Are DUI Checkpoints Legal?
Almost all of us have experienced it. You’re driving home on a Saturday night and you see a line of cars stopped at a DUI checkpoint. At these checkpoints, cars are stopped by law enforcement in random order without any reasonable suspicion. But the Fourth Amendment protects against unreasonable searches and seizures, so how are DUI checkpoints legal?
Do DUI Checkpoints Violate Fourth Amendment Rights?
The U.S. Supreme Court has held that random traffic stops violate Fourth Amendment protections from unreasonable searches. Law enforcement must have probable cause to pull you over, such as witnessing you violate a traffic law. Police officers are required to support their probable cause in court.
Therefore, it would make sense to conclude that police need reasonable suspicion that you were driving under the influence of alcohol or drugs in order to pull you over for DUI. In most cases, this is true. However, DUI checkpoints are different.
In the landmark 1990 Supreme Court case Michigan v. Sitz 496 US 444 (1990), the court reasoned that a person who is driving while intoxicated is considered a threat to public safety. Thus, the court ruled that sobriety checkpoints are legal because the inconvenience and intrusion potentially caused by a DUI checkpoint does not take precedence over the government’s attempt to put a stop to drunk driving.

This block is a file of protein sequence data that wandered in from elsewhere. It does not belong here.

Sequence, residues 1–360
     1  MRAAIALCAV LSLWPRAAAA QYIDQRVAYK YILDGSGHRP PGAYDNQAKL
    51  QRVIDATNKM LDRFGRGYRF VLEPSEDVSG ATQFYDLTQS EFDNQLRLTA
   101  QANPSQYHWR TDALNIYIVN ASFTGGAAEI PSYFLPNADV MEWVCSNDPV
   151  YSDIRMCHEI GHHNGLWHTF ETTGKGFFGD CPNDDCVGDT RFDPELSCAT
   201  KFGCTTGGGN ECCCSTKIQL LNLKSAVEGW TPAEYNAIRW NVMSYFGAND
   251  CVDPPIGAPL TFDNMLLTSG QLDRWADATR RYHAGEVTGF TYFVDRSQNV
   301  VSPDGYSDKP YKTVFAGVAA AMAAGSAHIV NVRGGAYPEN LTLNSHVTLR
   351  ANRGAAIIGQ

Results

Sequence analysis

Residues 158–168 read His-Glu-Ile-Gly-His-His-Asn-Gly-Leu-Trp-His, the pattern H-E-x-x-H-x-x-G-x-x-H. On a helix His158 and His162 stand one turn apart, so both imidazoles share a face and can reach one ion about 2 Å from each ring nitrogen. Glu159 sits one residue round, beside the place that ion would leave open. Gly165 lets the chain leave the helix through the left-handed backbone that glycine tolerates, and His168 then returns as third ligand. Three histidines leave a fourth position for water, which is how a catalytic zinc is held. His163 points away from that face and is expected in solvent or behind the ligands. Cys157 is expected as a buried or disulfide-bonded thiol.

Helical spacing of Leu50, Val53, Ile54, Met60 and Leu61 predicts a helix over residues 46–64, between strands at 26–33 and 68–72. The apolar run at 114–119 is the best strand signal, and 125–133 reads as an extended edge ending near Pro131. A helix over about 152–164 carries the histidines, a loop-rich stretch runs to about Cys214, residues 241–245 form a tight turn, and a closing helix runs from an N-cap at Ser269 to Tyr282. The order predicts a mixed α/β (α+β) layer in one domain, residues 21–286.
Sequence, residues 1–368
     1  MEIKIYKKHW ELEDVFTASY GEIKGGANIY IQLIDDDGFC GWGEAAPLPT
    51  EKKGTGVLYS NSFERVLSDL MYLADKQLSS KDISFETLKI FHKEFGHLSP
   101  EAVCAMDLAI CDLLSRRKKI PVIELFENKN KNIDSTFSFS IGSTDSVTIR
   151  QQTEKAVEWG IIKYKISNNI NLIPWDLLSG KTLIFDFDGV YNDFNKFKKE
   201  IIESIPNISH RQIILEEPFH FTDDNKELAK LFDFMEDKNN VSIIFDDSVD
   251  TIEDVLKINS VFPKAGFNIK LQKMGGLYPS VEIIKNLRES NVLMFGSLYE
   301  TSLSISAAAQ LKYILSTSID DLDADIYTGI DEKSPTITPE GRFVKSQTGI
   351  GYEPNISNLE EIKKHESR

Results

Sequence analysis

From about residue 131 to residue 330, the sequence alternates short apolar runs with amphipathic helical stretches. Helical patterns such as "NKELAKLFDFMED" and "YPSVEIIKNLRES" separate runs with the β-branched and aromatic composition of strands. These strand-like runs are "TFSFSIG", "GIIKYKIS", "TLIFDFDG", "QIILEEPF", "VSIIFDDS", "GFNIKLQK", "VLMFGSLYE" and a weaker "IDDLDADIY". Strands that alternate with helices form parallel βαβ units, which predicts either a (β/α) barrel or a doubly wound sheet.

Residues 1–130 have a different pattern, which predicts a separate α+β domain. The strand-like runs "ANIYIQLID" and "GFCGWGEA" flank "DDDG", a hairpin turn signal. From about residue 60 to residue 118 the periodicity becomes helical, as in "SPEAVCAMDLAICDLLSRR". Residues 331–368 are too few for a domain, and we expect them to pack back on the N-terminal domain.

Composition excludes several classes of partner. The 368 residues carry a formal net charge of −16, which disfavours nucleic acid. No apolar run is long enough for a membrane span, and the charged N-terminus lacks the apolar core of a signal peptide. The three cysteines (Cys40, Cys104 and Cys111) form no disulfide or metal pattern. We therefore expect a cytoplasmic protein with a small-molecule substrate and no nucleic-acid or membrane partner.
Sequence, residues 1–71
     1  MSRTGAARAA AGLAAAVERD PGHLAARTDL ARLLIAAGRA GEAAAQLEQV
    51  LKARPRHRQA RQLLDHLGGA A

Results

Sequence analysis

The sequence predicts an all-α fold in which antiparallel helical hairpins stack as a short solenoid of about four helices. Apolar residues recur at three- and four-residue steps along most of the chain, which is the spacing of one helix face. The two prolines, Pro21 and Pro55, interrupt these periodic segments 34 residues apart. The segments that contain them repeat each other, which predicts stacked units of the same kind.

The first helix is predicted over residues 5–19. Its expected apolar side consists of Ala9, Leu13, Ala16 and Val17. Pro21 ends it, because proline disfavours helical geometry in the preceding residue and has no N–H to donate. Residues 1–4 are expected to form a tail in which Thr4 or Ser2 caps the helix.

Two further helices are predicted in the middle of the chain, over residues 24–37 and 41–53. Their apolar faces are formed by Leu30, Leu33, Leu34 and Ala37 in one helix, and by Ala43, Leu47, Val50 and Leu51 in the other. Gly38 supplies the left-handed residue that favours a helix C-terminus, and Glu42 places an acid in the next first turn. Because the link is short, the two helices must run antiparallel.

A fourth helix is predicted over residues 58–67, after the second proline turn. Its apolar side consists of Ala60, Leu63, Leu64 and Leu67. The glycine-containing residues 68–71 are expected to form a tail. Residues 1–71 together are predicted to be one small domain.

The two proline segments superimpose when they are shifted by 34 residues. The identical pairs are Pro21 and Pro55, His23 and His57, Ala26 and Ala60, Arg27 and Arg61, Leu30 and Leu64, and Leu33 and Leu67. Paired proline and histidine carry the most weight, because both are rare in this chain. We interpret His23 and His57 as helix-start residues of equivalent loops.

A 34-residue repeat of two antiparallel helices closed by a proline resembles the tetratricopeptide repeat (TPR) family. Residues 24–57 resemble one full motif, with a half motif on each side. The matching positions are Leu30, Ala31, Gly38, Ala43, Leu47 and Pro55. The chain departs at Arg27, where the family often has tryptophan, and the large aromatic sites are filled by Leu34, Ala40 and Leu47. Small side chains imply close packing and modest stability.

What Makes a DUI Checkpoint Legal?
The same year as Michigan v. Sitz, the National Highway Traffic Safety Administration outlined the standard procedure for DUI checkpoints. These guidelines must be followed by law enforcement in order for a DUI checkpoint to be considered legal. The standard procedure includes:
- Roadblocks must be publicly announced in advance
- Criteria for stopping drivers must be neutral
- Drivers must be detained a minimal amount of time
- The checkpoint must have sufficient identification as being official
- Supervising officers must make all operation decisions, and
- The time and duration of the checkpoint must reflect “good judgement”
Additionally, law enforcement must consider safety and the rate of alcohol-related arrests in the area when choosing a location for a checkpoint. Under these guidelines, it is legal for a driver to turn away from a checkpoint as long as he or she does not violate any traffic laws while doing so.
As long as a DUI checkpoint meets all of the criteria outlined by the National Highway Traffic Safety Administration, it is considered legal.
Contact the DUI Defense Attorneys at Wallin & Klarich Today
If you or a loved one was arrested for DUI, you are facing serious consequences that could impact your ability to drive and maintain employment. That is why you should contact an experienced DUI defense attorney immediately. Our skilled and knowledgeable DUI defense lawyers at Wallin & Klarich have been successfully defending clients facing DUI charges for more than 35 years. Let us help you now.
With offices in Orange County, Riverside, San Bernardino, Victorville, West Covina, Torrance, Los Angeles and San Diego, you can find an experienced Wallin & Klarich DUI attorney available near you no matter where you are located.
Call our office today at (877) 4-NO-JAIL or (877) 466-5245 for a free phone consultation. We will be there when you call.